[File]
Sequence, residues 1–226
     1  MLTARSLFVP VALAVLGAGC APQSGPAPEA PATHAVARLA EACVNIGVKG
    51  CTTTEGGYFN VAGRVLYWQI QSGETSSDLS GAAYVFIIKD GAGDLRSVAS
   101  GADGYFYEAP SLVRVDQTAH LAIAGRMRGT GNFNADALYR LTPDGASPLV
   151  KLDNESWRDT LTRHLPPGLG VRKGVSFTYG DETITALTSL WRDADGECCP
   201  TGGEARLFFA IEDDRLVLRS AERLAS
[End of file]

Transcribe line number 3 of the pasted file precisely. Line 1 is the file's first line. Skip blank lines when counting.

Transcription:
    51  CTTTEGGYFN VAGRVLYWQI QSGETSSDLS GAAYVFIIKD GAGDLRSVAS